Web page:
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At Graph Expo 06, A “Prepress” Company Called Heidelberg Showed Strength in CtP, Color Management, and Workflow

By Patrick Henry,

By WhatTheyThink Staff
Published: October 30, 2006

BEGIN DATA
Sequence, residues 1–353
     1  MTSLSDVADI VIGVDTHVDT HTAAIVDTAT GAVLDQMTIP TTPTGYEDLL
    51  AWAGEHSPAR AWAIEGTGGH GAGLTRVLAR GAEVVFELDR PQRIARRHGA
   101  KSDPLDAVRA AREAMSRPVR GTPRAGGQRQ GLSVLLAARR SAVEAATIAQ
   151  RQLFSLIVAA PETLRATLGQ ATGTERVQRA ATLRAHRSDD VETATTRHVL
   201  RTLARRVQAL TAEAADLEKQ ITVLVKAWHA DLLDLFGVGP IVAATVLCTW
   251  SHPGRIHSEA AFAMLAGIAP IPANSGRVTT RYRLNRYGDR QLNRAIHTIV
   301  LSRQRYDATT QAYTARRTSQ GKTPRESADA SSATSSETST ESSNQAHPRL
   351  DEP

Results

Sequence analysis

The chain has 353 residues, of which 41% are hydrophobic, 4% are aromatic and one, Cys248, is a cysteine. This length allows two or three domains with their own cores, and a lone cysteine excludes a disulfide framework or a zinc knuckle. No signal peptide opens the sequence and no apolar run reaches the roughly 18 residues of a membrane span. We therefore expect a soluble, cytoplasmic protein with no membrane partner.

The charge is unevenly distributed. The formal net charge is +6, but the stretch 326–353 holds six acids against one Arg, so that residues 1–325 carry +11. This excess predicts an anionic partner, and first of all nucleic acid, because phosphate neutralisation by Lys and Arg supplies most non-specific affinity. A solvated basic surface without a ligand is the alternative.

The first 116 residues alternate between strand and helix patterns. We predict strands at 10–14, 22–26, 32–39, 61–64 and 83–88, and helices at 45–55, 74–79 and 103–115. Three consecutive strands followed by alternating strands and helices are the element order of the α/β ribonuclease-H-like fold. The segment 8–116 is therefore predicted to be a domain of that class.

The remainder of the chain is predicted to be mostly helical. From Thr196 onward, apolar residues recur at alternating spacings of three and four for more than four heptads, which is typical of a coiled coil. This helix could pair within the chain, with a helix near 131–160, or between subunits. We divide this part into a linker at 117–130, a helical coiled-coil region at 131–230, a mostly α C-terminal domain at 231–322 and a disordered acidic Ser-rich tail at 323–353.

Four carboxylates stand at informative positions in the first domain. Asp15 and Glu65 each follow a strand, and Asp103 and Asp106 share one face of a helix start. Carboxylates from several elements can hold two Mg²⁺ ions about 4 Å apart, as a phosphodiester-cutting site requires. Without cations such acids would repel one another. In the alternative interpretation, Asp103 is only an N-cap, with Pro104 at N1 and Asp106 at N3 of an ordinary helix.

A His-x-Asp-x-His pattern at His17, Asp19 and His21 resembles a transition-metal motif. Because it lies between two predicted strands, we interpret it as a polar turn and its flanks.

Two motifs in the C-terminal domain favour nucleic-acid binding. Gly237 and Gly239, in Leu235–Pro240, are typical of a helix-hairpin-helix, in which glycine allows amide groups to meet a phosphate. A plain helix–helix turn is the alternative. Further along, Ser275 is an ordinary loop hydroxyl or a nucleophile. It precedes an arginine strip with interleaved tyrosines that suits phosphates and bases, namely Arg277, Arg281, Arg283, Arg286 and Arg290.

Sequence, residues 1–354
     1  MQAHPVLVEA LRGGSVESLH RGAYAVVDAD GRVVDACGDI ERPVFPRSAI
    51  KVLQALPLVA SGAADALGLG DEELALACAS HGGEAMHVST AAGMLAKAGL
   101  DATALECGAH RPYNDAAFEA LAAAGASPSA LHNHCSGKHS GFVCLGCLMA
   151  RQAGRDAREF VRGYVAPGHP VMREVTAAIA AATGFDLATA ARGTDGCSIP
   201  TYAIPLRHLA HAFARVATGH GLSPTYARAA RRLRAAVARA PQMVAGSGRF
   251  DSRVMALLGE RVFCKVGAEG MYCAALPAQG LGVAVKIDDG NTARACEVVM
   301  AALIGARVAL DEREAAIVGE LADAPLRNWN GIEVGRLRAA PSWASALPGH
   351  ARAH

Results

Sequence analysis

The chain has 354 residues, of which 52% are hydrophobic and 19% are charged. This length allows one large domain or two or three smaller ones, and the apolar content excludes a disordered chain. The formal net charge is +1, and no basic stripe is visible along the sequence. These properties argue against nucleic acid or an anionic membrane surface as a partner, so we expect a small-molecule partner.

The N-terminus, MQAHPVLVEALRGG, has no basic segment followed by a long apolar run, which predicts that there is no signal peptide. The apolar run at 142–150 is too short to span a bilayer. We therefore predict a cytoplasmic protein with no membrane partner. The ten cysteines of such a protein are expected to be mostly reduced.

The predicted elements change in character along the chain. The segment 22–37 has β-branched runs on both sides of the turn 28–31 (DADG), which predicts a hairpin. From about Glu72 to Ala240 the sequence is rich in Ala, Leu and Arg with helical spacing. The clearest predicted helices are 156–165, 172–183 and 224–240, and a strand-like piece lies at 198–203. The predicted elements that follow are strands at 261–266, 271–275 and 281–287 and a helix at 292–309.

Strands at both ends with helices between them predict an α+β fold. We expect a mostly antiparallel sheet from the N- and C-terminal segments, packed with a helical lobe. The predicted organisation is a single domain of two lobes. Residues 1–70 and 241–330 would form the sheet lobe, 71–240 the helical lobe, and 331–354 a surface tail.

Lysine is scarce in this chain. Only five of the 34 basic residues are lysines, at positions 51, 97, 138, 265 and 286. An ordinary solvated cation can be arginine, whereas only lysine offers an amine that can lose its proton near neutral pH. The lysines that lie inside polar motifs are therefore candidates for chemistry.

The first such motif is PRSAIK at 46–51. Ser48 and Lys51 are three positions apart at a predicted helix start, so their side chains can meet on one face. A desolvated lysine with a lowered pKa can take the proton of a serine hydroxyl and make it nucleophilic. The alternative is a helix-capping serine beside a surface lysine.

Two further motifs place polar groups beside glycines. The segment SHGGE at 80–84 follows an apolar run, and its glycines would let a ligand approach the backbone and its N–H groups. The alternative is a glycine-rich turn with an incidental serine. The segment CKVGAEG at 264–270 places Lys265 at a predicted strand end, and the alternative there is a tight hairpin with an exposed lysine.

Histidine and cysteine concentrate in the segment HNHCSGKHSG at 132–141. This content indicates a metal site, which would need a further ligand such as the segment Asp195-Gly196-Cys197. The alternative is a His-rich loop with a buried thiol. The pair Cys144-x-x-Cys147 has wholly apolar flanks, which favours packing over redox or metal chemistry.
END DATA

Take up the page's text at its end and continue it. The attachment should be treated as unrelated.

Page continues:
By Patrick Henry, WTT Executive Editor October 30, 2006 -- Heidelberg USA no longer gives out dollar figures for product sales at trade shows, but it couldn't resist dropping a hint about how well it did in CtP and Prinect—Heidelberg’s brand of automated and integrated workflow—at Graph Expo 2006. Ray Cassino, director of Prinect and CtP product management, confirmed that the company sold a record number of CtP devices at the show—a feat that reminded those who needed reminding of Heidelberg's considerable strength in Prinect and CtP overall. Heidelberg prefers to talk about what other vendors call "prepress" in the context Prinect because it regards Prinect as the harmonizing link that ties all of its various prepress capabilities together. Semantics aside, Graph Expo 2006 was an important show for Heidelberg because of the attention it focused on Prinect, CtP, and other non-press elements of the company's business. Heidelberg used Graph Expo as a launching pad for a pair of brand-new thermal platesetters for small and medium-sized commercial print shops, the Suprasetter models A52 and A74. Accompanying the A52 was a new PDF workflow, MetaDimension 52i, featuring an equally new imposition program, Prinect Imposition Editor. The addition of these entry-level devices completes Heidelberg’s thermal platesetting portfolio, which now includes a thermal CtP unit for every press size that Heidelberg manufactures. The company similarly covers all of its press-size bases in visible-light CtP with the Prosetter family for violet silver halide and photopolymer plates. Cassino acknowledges that because Heidelberg is so strongly identified with sheetfed press manufacturing, its Prinect and CtP offerings sometimes “can be dwarfed in the shadow of the big Speedmasters.” Nevertheless, the company has managed to develop what Cassino calls a world-class portfolio of integrated workflow and CtP products that aren’t overshadowed by anything else in their categories. On the contrary, he says, the Heidelberg Prinect and CtP line is in a class by itself because of the breadth of solutions it offers. It starts with the aforementioned array of violet and thermal platesetters supporting Heidelberg press formats from the 20" Speedmaster SM 52 to the 41" Speedmaster XL 105. Cassino says that because both exposure methods are "very viable" for high-quality CtP, the choice between the two is dictated by the type, volume, and turnaround requirements of work that the customer intends to put on them. Small Shops Warm to Thermal Heidelberg's record turnover in CtP devices at Graph Expo was about evenly split between thermal and violet units, an outcome that Cassino calls "very healthy" for Heidelberg because it indicates penetration of all segments of the platesetter market. And while it remains true that thermal sells best in 40" environments and that two- and four-up violet units are the preferred solutions for small shops, Cassino thinks that part of the truism could change as small shops discover the advantages of thermal. Small printers, he says, are particularly drawn to the convenience of chemistry-free platesetting, which currently is possible only with thermal systems. The appeal of small-format thermal CtP was evident in the fact that Heidelberg wrote more show orders for the new Suprasetter in its A52 configuration, the smaller of the two formats in which it is available. Heidelberg also supports small-format customers who have very modest or transitional direct imaging requirements with the Quicksetter 300 E and 400 E devices. These units expose polyester plates, film, and RC paper for its Printmaster PM 46 and Printmaster GTO 52 presses, respectively, Label It "JDF Inside" Central to Heidelberg's approach to prepress is workflow automation. Achieving this is the objective of the prepress-dedicated software modules in Heidelberg's Prinect family of workflow solutions. Cassino contends that when most other vendors speak of workflow, they really are talking about individual segments, not a unified whole. Prinect, he says, is unique in providing a fully automated, seamlessly integrated solution capable of linking business systems to prepress, press, and postpress production workflows using only industry-standard protocols. Foremost among Prinect's components for prepress, says Cassino, is Prinect Printready System, which he calls "the world's only fully automated prepress workflow, automated by JDF." "If there was a 'JDF Inside' sticker for workflows like the 'Intel Inside' sticker for computers, Prinect Printready System would be wearing it," Cassino says. The Printready module is an integrated output management system for processing PDF and PostScript files with functions that include normalizing, preflighting, color management, trapping, and proofing. Its JDF (Job Definition Format) architecture lets Printready connect to other Prinect modules such as Signa Station, which handles the impositioning. JDF also is the common denominator that will enable Heidelberg to make Printready compatible with widely used print MIS packages like Hagen, Logic, PSI, and Hiflex. The effort to link Printready with these products is in progress, according to Cassino, who adds that Printready has new options that enable it to drive digital presses as well as platesetters and proofers. Xerox and HP platforms can use Printready in this way now; implementations for Canon and Kodak equipment are being developed. Heidelberg also has made Printready one leg of the stool in an integrated, JDF-based production management system that it launched at Graph Expo with the release of Prinect Integration System and Prinect Pressroom Manager. Prinect Integration System, used in combination with Printready for prepress and Pressroom Manager for presswork, links both functions on a job-by-job basis by means of a central JDF job ticket and a common user interface. This linkage, says Cassino, creates a seamless JDF workflow between prepress and press. Pressroom Manager makes sure that all data entered into the central or master JDF by MIS and upstream production processes is available everywhere in the pressroom. With its help, data required by a given print job can be sent directly to the press or presses scheduled for that job. Control Issues? Absolutely! Cassino says that Heidelberg has put 21 years of continuous technical refinement into its quest for that Holy Grail of prepress—automated color management. The result is a suite of CM solutions for the fundamental task of generating ICC device profiles and color matching modules that assure correct mapping of color values from proof to press sheet. This in itself isn't distinctive: many vendors offer software tools for profiling and color mapping. But Heidelberg, according to Cassino, is the only vendor that provides a fully integrated workflow for color management both in the prepress loop and on the press itself. Color management is yet another aspect of Prinect. Cassino says that Prinect Prepress Interface serves as an "independent database" containing, among other many other kinds of CIP4/PPF data, profile information for setting ink keys in support of specific ink-paper combinations. Prinect's Image Control and Axis Control solutions keep color stable and accurate on press by measuring entire printed images, noting deviations from predefined values, and making the necessary adjustments in all ink zones. At Graph Expo, Heidelberg took on-press color management to a new level of scrutiny by introducing Prinect Inpress Control, an inline spectrophotometer that reads color and register values in the control bar while the press is running. The readings go directly to the Prinect CP2000 Center press control system, which then makes whatever corrections may be needed. Cassino points out that everything Prinect does in prepress automation, color management, and production control is the result of "bidirectional JDF": an integrated process of system-to-system information exchange in which the JDF stream is continuously enriched with updated data as the job progresses. Bidirectional JDF in Prinect is different from simple, one-way networking routines such as routing files to a RIP: "Integration with Prinect uses the JDF format not just to make the front-end setup for the job, but also to read data from the run back into the JDF, telling the JDF what it did," Cassino says. Screens, Plates, and You-Name-It Heidelberg rounds out its prepress offerings with screening technologies and consumables. Electronic screening is available from Heidelberg in Prinect-branded conventional (AM), stochastic (FM), and hybrid varieties. Users of the hybrid AM-FM screening solution can define the dot percentage below which imaging will be stochastic for accurate reproduction in highlights while keeping the shadow dots open at the same time. Heidelberg’s consumables portfolio is another complement to its hardware and software offerings. The Saphira plate family includes standard and waterless polyester, thermal, chemistry-free thermal and violet materials. Proofing papers, offset blankets, and many other prep and press items also can be supplied. Cassino adds that Heidelberg's Prinect and CtP capability isn't limited to selling products: the company also is ready to furnish practical advice to any customer with a workflow or color management problem. For example, he says, "We can show you how to use your inkjet printer as a proofer. We'll show you how to calibrate your plates to your proof and press sheet and how to maintain that consistent color on press as well. We don't stop with just plates." About the only area of prepress in which Heidelberg does not play is scanning, a market it prudently exited about five years ago when inexpensive CCD flatbeds and digital cameras started to lower the boom on high-end image capture. And even if Heidelberg's Prinect and CtP capability remains an unintentionally best-kept secret to some, the word clearly has leaked out to the people who count—printers with money to spend. At Graph Expo, one of them purchased the 1,500th Prosetter CtP unit in a transaction that prompted Cassino to declare, "Violet technology is alive and well." He could say, and undoubtedly does say, the same thing about every other product category in Heidelberg's end-to-end prepress portfolio. Please offer your feedback to Patrick. He can be reached at Patrick.Henry@WhatTheyThink.com.